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Question
Posted by: Angela | 2012/04/11

Milo vs Lite hot chocolate

Hi Diet Doc,

Which is better in terms of KJ''s and fat content, 3 tsp Milo or 3 tsp of cadbury''s lite hot chocolate? If the Kj''s are similar would Milo cause more of a blood sugar spike because it is higher in sugar compared to the lite hot chocolate?

Are artificial sweetners safe for baby? I am pregnant and as winter approaches will look for hot comforting drinks but want to avoid the weight gain.

Thanks!!

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Our expert says:
Expert ImageDietDoc

Dear Angela
Congratulations on your pregnancy. Unfortunately the SA Food Tables only list the energy content of standard Milo powder (1730 kJ/100g, thus 260 kJ per 15 g or 2 teaspoons). Compare this energy content to the energy listed on your container of Lite hot chocolate per 100g and then calculate the energy content per 15 g (15/100 x energy content of 100g). According to the SA Glycemic Index & Load Guide, milo powder has an intermediate GI, but when added to low-fat milk, it has a low GI because of the milk. The same will apply to any other flavouring powder added to milk. I think that while you are pregnant and breastfeeding that you should avoid artificial sweeteners just to be as safe as possible. Because of the small body size of a baby compared to an adult, a baby will ingest the so-called Acceptable Daily Intake for a given sweetener so much faster than an adult.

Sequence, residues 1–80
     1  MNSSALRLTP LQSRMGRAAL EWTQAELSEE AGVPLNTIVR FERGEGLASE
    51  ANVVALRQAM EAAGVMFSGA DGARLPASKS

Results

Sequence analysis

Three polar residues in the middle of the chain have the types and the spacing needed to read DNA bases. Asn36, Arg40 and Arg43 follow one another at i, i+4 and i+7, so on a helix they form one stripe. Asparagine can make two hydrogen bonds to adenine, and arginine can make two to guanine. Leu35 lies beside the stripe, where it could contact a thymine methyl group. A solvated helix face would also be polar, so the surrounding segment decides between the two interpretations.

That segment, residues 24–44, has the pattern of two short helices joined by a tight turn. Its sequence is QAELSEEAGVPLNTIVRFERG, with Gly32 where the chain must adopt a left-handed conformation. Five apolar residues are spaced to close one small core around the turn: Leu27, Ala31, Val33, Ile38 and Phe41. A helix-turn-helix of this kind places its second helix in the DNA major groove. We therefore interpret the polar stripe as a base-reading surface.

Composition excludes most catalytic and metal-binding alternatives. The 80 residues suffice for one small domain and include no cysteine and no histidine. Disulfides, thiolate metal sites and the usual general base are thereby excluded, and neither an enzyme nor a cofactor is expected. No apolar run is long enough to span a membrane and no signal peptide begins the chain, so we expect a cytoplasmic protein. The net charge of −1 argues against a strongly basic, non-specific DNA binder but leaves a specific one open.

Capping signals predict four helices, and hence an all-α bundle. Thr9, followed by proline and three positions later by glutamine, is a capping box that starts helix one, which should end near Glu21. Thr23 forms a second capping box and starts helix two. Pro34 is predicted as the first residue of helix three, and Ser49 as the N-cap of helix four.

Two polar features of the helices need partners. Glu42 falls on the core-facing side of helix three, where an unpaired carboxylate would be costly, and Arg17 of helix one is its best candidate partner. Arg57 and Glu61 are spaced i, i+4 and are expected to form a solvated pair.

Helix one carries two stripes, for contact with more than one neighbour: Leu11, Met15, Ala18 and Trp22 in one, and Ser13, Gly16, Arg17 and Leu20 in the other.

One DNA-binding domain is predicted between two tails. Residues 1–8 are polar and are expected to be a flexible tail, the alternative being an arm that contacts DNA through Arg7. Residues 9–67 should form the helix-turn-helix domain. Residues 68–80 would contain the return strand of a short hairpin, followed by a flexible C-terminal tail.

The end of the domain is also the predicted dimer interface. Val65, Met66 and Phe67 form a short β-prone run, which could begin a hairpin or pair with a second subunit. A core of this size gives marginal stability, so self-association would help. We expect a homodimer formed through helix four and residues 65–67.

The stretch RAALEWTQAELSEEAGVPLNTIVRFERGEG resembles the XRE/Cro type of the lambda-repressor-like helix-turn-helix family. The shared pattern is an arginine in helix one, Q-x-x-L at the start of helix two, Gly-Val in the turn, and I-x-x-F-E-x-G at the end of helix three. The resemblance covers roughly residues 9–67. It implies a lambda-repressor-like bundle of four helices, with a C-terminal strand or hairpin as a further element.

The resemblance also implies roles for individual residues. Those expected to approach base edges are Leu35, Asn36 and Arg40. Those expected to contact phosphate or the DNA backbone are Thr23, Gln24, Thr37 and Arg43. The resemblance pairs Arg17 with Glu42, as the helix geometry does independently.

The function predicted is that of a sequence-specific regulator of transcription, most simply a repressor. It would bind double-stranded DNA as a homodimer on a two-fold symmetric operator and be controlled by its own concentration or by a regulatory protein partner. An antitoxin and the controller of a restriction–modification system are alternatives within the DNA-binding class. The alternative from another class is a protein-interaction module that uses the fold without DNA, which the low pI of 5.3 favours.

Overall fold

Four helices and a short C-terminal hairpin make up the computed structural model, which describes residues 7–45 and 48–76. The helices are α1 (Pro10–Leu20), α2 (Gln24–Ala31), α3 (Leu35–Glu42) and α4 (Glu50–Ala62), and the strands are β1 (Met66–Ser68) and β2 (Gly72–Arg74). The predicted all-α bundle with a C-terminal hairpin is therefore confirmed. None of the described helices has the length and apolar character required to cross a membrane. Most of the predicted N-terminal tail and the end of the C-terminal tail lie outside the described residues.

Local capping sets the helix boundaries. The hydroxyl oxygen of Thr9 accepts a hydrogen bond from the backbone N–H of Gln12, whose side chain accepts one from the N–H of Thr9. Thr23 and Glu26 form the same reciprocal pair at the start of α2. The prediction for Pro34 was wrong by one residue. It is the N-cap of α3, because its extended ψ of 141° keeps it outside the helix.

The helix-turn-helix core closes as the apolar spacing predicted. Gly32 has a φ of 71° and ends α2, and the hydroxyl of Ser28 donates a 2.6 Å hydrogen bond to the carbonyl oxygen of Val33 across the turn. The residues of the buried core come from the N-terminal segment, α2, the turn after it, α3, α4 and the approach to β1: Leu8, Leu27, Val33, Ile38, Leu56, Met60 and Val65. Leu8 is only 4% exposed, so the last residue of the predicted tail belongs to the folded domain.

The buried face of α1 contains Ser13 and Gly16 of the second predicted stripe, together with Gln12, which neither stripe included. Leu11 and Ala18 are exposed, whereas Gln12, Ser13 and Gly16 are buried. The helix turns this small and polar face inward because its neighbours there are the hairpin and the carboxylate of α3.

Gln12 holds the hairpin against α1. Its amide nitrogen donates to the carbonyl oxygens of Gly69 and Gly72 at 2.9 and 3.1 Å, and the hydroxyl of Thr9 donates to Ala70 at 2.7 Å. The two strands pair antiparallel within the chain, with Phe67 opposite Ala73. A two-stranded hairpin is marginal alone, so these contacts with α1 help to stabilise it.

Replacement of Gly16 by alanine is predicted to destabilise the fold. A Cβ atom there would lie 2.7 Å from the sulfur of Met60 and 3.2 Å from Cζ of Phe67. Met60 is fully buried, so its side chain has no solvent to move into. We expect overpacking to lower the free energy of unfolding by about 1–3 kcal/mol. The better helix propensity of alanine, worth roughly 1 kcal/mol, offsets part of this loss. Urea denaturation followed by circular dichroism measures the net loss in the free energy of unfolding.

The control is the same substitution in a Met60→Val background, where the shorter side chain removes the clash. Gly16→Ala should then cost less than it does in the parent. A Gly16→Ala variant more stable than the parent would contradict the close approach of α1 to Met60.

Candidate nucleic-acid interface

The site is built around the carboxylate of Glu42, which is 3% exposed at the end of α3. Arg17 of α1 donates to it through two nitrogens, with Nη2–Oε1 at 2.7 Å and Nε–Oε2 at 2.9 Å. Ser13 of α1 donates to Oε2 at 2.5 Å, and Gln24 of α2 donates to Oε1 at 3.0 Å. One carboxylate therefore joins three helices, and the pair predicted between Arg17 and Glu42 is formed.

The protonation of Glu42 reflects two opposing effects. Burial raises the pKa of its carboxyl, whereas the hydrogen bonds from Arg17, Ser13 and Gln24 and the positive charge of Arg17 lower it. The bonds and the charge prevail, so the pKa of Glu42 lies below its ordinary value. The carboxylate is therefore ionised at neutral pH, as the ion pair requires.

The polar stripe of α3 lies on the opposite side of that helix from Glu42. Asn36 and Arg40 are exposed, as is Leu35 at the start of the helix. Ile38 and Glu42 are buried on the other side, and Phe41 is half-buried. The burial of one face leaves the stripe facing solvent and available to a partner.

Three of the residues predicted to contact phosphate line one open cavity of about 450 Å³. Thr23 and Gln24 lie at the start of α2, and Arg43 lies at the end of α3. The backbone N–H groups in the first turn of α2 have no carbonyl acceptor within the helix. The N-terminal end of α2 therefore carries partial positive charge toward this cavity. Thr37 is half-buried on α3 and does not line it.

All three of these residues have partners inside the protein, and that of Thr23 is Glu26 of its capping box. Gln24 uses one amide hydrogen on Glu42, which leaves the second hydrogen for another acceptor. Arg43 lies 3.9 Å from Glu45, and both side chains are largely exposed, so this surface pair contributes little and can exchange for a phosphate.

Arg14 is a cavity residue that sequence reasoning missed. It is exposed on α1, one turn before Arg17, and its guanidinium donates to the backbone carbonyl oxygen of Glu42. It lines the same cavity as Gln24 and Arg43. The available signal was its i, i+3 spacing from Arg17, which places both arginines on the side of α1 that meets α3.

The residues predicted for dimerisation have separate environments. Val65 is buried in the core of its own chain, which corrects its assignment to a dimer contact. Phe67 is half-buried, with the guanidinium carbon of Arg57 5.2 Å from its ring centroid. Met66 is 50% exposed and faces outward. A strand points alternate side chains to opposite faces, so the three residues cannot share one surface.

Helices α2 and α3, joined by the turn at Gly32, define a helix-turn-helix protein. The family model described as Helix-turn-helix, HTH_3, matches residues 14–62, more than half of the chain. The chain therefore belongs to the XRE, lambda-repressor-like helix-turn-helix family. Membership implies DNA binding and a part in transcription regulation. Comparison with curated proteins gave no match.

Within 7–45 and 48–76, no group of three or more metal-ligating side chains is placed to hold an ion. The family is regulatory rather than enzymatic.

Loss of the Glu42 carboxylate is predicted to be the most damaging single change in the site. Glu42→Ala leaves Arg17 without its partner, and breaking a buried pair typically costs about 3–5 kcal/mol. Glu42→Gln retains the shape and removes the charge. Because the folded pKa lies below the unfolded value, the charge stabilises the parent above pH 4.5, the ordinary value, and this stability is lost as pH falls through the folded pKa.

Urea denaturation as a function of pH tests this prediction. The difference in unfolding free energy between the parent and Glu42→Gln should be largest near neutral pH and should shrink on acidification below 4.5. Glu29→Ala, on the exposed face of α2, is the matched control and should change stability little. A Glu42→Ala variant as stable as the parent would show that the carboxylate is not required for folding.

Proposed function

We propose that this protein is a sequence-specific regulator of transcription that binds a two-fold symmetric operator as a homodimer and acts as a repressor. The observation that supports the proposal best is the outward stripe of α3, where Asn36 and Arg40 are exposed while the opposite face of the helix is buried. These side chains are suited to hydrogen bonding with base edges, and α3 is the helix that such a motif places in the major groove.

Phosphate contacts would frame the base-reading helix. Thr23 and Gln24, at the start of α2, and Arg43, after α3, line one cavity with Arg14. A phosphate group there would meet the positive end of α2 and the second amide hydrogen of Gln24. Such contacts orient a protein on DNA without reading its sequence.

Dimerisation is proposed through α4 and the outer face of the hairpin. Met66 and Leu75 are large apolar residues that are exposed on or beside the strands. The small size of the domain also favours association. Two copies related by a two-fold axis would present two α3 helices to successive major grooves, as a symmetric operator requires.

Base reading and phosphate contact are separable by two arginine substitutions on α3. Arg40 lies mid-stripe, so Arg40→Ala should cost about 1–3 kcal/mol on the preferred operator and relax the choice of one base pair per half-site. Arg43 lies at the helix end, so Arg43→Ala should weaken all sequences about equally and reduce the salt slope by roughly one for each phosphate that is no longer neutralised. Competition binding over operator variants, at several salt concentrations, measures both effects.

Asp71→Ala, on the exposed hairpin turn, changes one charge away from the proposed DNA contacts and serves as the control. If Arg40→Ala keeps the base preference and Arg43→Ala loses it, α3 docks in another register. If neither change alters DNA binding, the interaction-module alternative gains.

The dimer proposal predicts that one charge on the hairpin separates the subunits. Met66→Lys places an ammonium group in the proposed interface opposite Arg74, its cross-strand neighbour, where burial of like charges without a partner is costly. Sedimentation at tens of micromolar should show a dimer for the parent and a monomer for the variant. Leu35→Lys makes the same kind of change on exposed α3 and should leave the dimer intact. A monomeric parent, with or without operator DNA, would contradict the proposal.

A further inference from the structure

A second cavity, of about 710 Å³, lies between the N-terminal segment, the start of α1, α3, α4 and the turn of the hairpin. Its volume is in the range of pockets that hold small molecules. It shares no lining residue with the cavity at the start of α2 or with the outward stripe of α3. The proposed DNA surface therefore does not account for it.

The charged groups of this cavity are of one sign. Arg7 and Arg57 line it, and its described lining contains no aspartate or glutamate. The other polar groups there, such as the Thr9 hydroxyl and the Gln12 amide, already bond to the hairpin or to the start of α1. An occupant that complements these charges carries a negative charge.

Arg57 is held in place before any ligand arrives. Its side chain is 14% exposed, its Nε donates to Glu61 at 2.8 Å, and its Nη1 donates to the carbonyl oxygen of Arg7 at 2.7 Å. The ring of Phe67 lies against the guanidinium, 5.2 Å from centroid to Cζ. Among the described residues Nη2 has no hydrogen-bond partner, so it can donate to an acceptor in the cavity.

Best regards
DietDoc

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Our users say:
Posted by: DietDoc | 2012/04/11

Dear Angela
Congratulations on your pregnancy. Unfortunately the SA Food Tables only list the energy content of standard Milo powder (1730 kJ/100g, thus 260 kJ per 15 g or 2 teaspoons). Compare this energy content to the energy listed on your container of Lite hot chocolate per 100g and then calculate the energy content per 15 g (15/100 x energy content of 100g). According to the SA Glycemic Index & Load Guide, milo powder has an intermediate GI, but when added to low-fat milk, it has a low GI because of the milk. The same will apply to any other flavouring powder added to milk. I think that while you are pregnant and breastfeeding that you should avoid artificial sweeteners just to be as safe as possible. Because of the small body size of a baby compared to an adult, a baby will ingest the so-called Acceptable Daily Intake for a given sweetener so much faster than an adult.
Best regards
DietDoc

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